Editor’s note: Mississippi Today will publish stories about all public polls released during the 2023 governor’s race. We will always clearly report on a poll’s methodology and note any concerns with the provided data shown.
Incumbent Republican Gov. Tate Reeves trails Democratic challenger Brandon Presley in a new poll, and Reeves scored low marks for his handling of the Mississippi welfare scandal.
The poll, conducted among 500 Mississippians between Jan. 21-25 by Tulchin Research, found 47% support for Presley compared to 43% support for Reeves, who is running for his second term as governor and for his sixth four-year term in state office. Ten percent of respondents were undecided.
Additionally, a sizable 64% majority of respondents had an unfavorable impression of Reeves for firing the state attorney tasked with recouping misspent welfare funds. Just 25% of the poll’s respondents had a favorable view of the governor related to the welfare scandal.
The poll was commissioned by the Southern Poverty Law Center Action Fund and its affiliated political action committee. The pollster did not immediately release full crosstabs, which can help observers determine whether those polled represent an accurate snapshot of the electorate. Black voters, who typically vote Democratic in Mississippi, comprised 33.9% of the poll’s participants. The poll has a margin of error of 4.38%, which means Reeves and Presley could be tied or Presley could be up by 8 points.
Tulchin Research has a B/C rating from FiveThirtyEight, and in the three Tulchin polls the site has graded, it averaged a slight mean-reverted bias toward Republicans.
This is the second public poll on the governor’s race released in 2023. Shortly before Presley officially announced his candidacy, a Mississippi Today/Siena College poll showed Reeves led Presley by 4 points (43% to 39%). Additionally, 57% of respondents said they preferred “someone else” besides Reeves in the 2023 governor’s race.
The sprawling welfare scandal has emerged as one of the top issues of the 2023 governor’s race.
State officials and others have pleaded guilty in the case, which has been referred to as the largest public corruption scandal in Mississippi history where at least $77 million in welfare funds intended for the state’s poorest residents were misspent and used for pet projects and other programs that did not help people in poverty.
The misspending, at times, led to perks and financial boons for those friendly with both former Gov. Phil Bryant and Reeves, who at the time was lieutenant governor.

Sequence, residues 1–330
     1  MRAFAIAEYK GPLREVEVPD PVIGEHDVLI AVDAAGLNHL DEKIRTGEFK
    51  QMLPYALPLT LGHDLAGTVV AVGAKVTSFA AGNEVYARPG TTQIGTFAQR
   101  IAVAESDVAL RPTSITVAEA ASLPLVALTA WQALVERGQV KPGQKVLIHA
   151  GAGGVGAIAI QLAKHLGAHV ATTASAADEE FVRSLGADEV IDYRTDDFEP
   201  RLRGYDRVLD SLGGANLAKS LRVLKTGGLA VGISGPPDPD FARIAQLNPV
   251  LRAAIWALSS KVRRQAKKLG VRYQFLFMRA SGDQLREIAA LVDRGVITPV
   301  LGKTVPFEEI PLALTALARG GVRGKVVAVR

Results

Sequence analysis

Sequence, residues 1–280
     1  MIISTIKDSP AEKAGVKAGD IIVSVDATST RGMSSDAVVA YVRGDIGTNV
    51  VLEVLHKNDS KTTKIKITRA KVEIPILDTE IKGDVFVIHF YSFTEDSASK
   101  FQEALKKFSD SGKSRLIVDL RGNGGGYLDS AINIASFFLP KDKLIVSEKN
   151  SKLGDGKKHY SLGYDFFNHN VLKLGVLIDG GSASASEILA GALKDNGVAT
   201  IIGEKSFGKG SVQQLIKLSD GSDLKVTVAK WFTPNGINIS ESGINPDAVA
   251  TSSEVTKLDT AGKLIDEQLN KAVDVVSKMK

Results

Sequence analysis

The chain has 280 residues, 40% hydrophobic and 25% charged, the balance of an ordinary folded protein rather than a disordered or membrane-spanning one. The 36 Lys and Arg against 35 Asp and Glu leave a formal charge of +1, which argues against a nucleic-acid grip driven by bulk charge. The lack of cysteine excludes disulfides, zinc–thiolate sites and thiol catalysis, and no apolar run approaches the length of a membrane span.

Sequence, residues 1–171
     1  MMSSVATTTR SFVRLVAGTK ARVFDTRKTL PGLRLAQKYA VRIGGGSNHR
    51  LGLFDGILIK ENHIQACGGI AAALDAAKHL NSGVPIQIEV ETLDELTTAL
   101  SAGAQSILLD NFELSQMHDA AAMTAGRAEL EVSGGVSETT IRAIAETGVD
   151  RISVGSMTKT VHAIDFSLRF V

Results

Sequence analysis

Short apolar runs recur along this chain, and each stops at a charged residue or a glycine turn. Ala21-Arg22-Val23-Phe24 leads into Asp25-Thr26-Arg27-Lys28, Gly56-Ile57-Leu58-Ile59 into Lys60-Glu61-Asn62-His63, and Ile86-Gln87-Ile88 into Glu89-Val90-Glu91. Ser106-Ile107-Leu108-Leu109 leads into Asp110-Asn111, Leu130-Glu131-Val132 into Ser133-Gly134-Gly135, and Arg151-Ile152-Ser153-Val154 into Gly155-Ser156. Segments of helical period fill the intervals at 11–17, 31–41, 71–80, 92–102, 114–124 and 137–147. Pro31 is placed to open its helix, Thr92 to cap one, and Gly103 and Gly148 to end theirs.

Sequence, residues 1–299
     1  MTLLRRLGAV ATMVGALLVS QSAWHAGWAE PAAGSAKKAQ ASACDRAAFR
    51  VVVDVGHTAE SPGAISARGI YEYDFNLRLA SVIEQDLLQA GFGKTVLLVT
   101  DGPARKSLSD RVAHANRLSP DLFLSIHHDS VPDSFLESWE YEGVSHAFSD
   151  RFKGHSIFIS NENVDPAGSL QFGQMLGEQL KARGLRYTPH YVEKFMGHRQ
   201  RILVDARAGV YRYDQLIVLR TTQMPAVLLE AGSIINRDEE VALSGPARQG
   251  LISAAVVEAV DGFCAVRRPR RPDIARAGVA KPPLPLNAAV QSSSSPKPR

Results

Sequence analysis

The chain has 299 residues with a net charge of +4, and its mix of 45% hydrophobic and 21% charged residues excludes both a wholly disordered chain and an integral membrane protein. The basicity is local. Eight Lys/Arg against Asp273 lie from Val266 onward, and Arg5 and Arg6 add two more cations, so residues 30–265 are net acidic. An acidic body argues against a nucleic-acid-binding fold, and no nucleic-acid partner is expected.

In his January gubernatorial campaign announcement, Presley panned Reeves for his involvement in the scandal, including that Reeves’ personal trainer, Paul Lacoste, improperly received more than $1 million in welfare funds.
In 2022, Reeves abruptly fired Brad Pigott, a former U.S. attorney in the Bill Clinton administration, who was originally hired by the state’s welfare department to try to recoup the misspent funds in civil court.
According to the poll released on Monday, 55% of the respondents had heard “a lot” about the scandal, while 29% had heard some and 9% had heard a little.
Reeves said he replaced Pigott because the attorney was making the investigation political and because Pigott did not have the resources to adequately pursue the case alone. Pigott said his efforts were solely to recover public funds that have been misspent.
“I guess I was getting too close,” Pigott told Al Hunt this week for Hunt’s Sunday column in The Hill. “Gov. Reeves has appointed himself commander in chief of the cover-up.”
Presley, who has held a Public Service Commission office since 2003, is at a significant disadvantage in terms of statewide name identification.
Reeves is viewed as unfavorable by 54% of poll respondents, with 40% viewing him as very unfavorable, while he is seen as favorable by 42%, including 16% seeing him as very favorable. Presley, a Nettleton resident on the Lee and Monroe County lines in northeast Mississippi, is viewed as favorable by 39% and unfavorable by 18%, but he had only 58% name identification.
The Tulchin poll found 55% said the state was on the wrong track, 34% on the right track and 11% did not know.